An expert panel of asset servicers talk about how they are adapting to the digital challenge, and the effect of rising interest rates on their industry.
Brian McMahon (managing director, business development, BNY Mellon)
Pierre Cimino (head of international development, member of executive committee, Caceis)
Jervis Smith (head of investor services, Luxembourg, Citi)
Sébastien Danloy (chief executive, RBC Investor Services Bank S.A.)
Olivier Renault (country manager, Societe Generale Securities Services)
Funds Europe – What do you anticipate will be the most in-demand areas for asset servicing firms in the year ahead?
Olivier Renault, SocGen – Asset managers have three main needs: passive management, alternative funds and loan funds.
Passive management is relevant as ETFs are booming. In alternatives, most of the bigger asset management firms are starting to run two departments – Ucits and alternative investment funds – and in the coming years these teams could even merge.
Loan funds are a part of alternatives though with different issues surrounding them, such as bank disintermediation.
In my opinion, one of the biggest business developments is that ManCos [management companies] are developing to service these kinds of needs.
Brian McMahon, BNY Mellon – I agree that debt is one of the hot topics right now, with hedge fund managers going into this area. It is also reflected in commercial real estate infrastructure.
Debt is a huge part of the investment management business at the moment. The challenge is always around being able to successfully deploy the capital raised. But another development is around there being now more engagement between asset servicers and clients on data, in terms of how often clients receive it and how they receive it, among other issues. The often misused phrase of ‘acting like a partner’ is truly becoming the case now and strategic relationships are developing.
One final thing, I also think we will see the evolution of outsourcing in real estate strategies far more in the coming years.
Jervis Smith, Citi – Those are the main developments in asset classes, yes, and as asset managers adjust to that, they are doing so amidst globalisation and fee pressures. This creates pressures for them, and pressures for us the asset servicers.
For example, I agree there is more of a partnership around data but this really comes from an ability to keep pace with digitisation. Asset classes become more esoteric and the pressure to maintain infrastructure around them means the asset servicing industry has to be more efficient and more global - and that sees us all turning to technology for solutions.
Sébastien Danloy, RBC – Data is a highly important part of technology, but technology also goes beyond data.
Our clients have concerns around cybersecurity and they are interested in blockchain technology. Asset servicers have to work with them to see how these areas can develop.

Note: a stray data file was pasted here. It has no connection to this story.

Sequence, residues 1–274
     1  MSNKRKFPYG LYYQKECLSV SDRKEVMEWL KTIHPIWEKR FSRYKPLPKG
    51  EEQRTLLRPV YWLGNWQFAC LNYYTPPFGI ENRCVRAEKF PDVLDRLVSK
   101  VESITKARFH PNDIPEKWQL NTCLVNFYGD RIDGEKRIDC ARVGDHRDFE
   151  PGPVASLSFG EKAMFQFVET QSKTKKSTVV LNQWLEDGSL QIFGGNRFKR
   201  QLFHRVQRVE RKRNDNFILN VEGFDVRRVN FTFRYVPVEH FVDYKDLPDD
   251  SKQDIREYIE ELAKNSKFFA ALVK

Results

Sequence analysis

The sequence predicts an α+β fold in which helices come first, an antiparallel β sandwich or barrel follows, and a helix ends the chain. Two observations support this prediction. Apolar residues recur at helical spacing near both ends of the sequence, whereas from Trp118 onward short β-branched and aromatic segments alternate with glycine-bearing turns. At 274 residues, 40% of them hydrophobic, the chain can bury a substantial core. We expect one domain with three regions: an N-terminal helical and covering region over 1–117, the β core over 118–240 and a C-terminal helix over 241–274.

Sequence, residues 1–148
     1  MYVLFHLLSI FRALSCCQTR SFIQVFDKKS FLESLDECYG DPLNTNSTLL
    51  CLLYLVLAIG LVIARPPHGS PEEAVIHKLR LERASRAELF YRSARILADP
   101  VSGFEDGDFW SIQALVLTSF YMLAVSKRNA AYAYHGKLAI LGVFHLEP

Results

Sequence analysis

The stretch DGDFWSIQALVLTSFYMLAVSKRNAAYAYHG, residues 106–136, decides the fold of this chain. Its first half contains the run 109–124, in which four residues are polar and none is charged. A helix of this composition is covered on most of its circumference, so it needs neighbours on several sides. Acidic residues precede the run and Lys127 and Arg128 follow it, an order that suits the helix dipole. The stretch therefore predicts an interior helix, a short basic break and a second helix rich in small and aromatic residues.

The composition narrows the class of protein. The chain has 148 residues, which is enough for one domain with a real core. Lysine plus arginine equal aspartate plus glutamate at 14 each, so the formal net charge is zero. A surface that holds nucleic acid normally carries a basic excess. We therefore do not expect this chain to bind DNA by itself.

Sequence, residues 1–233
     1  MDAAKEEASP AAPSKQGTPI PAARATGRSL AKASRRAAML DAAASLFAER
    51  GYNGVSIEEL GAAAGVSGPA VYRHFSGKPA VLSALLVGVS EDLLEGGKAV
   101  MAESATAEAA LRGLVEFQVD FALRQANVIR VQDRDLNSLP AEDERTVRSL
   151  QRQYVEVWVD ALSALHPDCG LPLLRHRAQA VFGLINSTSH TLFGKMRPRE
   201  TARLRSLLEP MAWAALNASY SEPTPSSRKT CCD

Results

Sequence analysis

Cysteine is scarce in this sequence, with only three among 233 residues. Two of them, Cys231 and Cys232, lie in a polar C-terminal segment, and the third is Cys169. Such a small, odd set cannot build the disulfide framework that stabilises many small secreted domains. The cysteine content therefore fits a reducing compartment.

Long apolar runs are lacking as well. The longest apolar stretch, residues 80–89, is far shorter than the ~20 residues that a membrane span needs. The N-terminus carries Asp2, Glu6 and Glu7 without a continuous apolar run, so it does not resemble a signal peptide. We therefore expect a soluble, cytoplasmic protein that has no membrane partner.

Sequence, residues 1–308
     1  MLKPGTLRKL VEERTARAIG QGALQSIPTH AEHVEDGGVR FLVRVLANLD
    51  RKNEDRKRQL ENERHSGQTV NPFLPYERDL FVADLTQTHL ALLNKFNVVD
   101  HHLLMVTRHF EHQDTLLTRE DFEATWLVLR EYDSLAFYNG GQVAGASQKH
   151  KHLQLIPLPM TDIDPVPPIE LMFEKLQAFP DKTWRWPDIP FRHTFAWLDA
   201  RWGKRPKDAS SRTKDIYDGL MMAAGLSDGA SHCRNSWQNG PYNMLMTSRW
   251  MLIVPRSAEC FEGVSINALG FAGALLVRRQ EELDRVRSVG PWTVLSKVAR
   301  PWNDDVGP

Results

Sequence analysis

But back to the topic of outsourcing, I would add that there are quite a lot of asset managers that have not necessarily outsourced as much as they could have done and will do so as they look more closely at operational risk.
Also, there are more opportunities with existing clients to expand the scope of services that we offer, including new services that asset managers are no longer keen to keep in-house and as their business model evolves, there are opportunities for asset servicing to go even further up the value chain than we have done.
For example, we can replace or provide some information to distribution teams that until now they probably sourced in-house or bought from third parties. And regulatory reporting, which as a whole has become more and more challenging, and asset managers who used to do this in-house are looking at outsourcing it.
Pierre Cimino, Caceis – The demand for data is highly significant and it means asset servicers have to create a very strong database model for quick delivery of information. This is a major focus for us now.
Funds Europe – Advances in technology and digital are taking hold in the asset-servicing world. What are the emerging skill sets necessary for investor servicing firms and in general, what are your approaches around technology?
Smith – In Citi’s markets and securities services business alone we have 10,000 technologists and what we call ‘innovation labs’ around the world, and that’s where a lot of those 10,000 people are positioned. They take ideas that have come from the workforce and then develop them using university resources or their own resources in those locations. We have them in places like Palo Alto, Dublin and Tel Aviv, as well as in established banking centres like Singapore or New York. And only a few weeks ago we opened a new Innovation Lab in London. So it’s a combination of the new with the old-fashioned banking sector.